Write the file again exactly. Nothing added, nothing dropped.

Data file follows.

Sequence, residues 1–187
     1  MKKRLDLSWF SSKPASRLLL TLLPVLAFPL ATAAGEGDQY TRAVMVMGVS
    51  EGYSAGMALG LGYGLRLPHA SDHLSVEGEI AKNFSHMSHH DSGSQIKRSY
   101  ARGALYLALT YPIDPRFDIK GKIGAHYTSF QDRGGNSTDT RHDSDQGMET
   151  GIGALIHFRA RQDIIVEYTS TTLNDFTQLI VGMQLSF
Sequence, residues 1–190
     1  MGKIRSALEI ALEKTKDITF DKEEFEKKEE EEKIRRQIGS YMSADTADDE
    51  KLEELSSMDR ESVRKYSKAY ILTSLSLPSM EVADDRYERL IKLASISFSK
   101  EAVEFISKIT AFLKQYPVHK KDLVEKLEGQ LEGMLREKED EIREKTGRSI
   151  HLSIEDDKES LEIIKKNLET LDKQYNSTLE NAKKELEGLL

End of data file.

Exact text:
Sequence, residues 1–187
     1  MKKRLDLSWF SSKPASRLLL TLLPVLAFPL ATAAGEGDQY TRAVMVMGVS
    51  EGYSAGMALG LGYGLRLPHA SDHLSVEGEI AKNFSHMSHH DSGSQIKRSY
   101  ARGALYLALT YPIDPRFDIK GKIGAHYTSF QDRGGNSTDT RHDSDQGMET
   151  GIGALIHFRA RQDIIVEYTS TTLNDFTQLI VGMQLSF
Sequence, residues 1–190
     1  MGKIRSALEI ALEKTKDITF DKEEFEKKEE EEKIRRQIGS YMSADTADDE
    51  KLEELSSMDR ESVRKYSKAY ILTSLSLPSM EVADDRYERL IKLASISFSK
   101  EAVEFISKIT AFLKQYPVHK KDLVEKLEGQ LEGMLREKED EIREKTGRSI
   151  HLSIEDDKES LEIIKKNLET LDKQYNSTLE NAKKELEGLL